Hyman says in the book’s second page that we “reduced fat in our diet from 43 percent to 33 percent of calories and cut back even more on saturated fat.” Notably, he gives no reference for this claim. Accordingly, we got “sicker than ever, with the percentage of people getting heart disease increasing” while “type 2 diabetes and obesity rates around the globe skyrocketed.”
Although it is true that type 2 diabetes and obesity have increased in recent decades and although it is true that too many misguided agencies and other parties have waved the low fat flag much too vigorously, I know of no reliable evidence that dietary fat decreased from 43% to 33% of total diet calories, from 1970 onwards, as Hyman and his colleagues are claiming. We NEVER experimented with low fat diets. According to the U.S database on food consumption trends from 1970 to 2000 <[...]>, “total caloric sweeteners” increased by 23%. But “added fats/oils” increased even more, by 39%, exactly opposite Hyman’s claim. It’s true that this modest increase in consumption of caloric sweeteners shifted to corn-based sweeteners, but it is debatable how much specific effect on diabetes and obesity occurred, compared with other sweeteners. But please keep in mind this: we DID NOT EXPERIMENT WITH LOW FAT DIETS. Our diets have been consistently high in fat for the past 50-100 years, especially becoming worse during the past 50 years.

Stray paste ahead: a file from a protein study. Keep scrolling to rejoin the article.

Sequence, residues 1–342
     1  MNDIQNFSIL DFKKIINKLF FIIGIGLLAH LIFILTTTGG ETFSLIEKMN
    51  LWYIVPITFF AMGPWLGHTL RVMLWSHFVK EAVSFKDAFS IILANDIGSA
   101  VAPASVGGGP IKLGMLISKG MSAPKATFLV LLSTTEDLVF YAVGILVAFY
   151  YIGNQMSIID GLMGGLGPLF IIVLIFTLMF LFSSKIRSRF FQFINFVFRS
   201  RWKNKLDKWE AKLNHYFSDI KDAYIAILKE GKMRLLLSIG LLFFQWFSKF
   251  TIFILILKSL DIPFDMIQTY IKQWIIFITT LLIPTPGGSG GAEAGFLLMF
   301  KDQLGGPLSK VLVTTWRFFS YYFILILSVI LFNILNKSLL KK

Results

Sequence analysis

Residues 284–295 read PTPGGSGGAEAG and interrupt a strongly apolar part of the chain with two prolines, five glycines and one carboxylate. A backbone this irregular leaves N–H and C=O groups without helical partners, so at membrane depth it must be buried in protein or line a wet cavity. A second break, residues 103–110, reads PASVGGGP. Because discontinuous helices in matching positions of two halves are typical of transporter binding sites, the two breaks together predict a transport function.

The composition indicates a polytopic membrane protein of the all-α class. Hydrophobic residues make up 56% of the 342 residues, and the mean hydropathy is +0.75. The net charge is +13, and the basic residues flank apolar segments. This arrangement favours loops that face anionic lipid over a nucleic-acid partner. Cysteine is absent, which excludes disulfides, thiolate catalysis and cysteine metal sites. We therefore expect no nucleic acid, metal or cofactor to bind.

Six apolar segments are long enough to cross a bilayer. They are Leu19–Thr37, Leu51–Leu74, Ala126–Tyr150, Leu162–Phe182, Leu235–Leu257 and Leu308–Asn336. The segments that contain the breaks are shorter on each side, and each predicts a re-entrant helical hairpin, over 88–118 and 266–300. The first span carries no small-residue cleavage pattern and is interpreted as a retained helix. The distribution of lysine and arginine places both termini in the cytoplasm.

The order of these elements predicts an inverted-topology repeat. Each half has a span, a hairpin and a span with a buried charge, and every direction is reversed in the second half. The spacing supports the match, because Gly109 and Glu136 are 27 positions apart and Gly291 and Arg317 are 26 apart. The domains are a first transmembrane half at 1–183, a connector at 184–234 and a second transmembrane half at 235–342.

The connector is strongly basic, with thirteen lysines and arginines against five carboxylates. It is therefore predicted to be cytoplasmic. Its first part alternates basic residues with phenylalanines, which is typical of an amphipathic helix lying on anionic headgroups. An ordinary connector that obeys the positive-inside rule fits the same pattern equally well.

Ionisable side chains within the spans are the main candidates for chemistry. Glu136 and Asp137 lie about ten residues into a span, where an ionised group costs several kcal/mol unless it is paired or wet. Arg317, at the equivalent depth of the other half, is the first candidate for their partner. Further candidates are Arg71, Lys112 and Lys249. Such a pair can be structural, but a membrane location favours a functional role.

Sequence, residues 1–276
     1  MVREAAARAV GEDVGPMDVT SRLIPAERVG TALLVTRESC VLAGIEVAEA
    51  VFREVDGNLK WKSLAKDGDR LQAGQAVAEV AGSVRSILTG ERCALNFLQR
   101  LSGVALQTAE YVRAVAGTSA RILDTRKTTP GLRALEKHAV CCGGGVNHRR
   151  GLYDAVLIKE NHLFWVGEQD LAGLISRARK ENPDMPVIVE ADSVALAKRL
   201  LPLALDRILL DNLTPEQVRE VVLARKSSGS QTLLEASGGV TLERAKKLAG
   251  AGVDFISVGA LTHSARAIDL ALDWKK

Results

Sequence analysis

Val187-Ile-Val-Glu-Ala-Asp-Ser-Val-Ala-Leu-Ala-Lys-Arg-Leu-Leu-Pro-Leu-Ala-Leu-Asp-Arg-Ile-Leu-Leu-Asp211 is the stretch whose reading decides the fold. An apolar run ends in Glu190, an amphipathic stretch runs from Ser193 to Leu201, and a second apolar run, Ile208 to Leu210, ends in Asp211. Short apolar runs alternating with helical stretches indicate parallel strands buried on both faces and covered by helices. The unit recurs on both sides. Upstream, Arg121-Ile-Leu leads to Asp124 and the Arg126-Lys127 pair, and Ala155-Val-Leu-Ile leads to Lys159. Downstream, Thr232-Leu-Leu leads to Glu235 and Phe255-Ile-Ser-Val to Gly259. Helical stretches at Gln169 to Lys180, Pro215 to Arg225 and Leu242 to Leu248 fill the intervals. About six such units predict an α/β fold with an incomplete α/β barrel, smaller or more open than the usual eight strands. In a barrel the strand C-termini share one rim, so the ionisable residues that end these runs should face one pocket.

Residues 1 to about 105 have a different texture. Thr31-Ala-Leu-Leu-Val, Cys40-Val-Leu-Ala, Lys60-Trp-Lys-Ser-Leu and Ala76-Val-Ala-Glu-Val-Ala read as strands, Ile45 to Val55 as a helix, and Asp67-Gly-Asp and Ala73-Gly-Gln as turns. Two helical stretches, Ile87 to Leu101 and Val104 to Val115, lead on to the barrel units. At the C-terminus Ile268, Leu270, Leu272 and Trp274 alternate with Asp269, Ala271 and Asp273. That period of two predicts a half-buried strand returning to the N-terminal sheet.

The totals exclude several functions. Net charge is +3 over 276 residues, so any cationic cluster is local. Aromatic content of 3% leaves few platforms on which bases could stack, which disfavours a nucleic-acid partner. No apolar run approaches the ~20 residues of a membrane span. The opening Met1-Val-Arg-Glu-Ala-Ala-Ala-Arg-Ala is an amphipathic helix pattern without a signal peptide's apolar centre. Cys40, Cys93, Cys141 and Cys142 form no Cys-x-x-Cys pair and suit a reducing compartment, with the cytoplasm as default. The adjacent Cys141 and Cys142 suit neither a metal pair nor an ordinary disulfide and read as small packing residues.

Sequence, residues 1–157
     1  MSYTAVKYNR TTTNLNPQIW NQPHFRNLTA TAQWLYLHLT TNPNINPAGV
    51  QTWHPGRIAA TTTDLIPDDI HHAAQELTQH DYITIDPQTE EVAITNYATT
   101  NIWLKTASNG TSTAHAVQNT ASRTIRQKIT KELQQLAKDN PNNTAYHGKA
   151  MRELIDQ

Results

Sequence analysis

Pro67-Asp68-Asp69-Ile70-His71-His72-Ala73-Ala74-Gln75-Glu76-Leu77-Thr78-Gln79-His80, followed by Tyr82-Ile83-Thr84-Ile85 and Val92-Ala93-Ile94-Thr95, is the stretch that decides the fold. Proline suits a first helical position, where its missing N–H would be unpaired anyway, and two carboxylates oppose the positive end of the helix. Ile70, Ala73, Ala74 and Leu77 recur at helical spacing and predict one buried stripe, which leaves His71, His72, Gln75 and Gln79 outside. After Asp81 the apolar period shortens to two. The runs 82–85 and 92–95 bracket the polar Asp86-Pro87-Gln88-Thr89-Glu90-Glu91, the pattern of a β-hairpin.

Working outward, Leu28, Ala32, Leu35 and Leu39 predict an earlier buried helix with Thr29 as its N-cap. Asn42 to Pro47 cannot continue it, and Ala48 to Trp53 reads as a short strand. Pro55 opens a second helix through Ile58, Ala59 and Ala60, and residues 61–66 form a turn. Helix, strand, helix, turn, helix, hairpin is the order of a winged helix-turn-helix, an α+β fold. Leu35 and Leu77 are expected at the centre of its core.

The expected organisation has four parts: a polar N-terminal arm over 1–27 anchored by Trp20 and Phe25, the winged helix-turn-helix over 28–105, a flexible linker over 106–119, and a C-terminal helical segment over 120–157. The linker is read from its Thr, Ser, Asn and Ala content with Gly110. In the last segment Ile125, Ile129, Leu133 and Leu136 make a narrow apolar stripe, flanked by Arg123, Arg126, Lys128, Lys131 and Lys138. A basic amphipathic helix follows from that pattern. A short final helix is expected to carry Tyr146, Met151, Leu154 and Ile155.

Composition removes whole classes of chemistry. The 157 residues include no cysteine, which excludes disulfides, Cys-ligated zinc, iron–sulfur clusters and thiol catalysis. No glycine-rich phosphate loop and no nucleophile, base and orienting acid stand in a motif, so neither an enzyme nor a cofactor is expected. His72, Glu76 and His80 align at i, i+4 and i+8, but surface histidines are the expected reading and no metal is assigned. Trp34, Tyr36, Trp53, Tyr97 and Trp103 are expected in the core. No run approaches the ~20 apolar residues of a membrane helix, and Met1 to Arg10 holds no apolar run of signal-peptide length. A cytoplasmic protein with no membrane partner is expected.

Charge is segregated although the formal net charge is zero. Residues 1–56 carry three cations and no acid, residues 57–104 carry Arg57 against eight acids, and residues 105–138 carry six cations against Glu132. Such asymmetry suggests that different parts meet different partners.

Sticking with his stubborn but FALSE CLAIM about our so-called experiment with low fat diets, Dr. Hyman then searches for evidence to support this claim. Based on my experiences as an experimental researcher for most of my 60-year career (professional reviewer of research grant funding applications of fellow researchers and writing and reviewing research manuscripts for publication), Hyman’s attempt to support his discussion with lots of references does not meet the test of professionalism. He has had no experience with experimental research and no research publications—his is obvious. His attempt to include references, at best, is cosmetic. I decided to check out some of his references—he invited the reader to do so—and, among his first ten very assertive statements on the health value of fat that he highlights, most of his citations are either too narrow in scope for his grand statements and/or they are unrelated to his claim.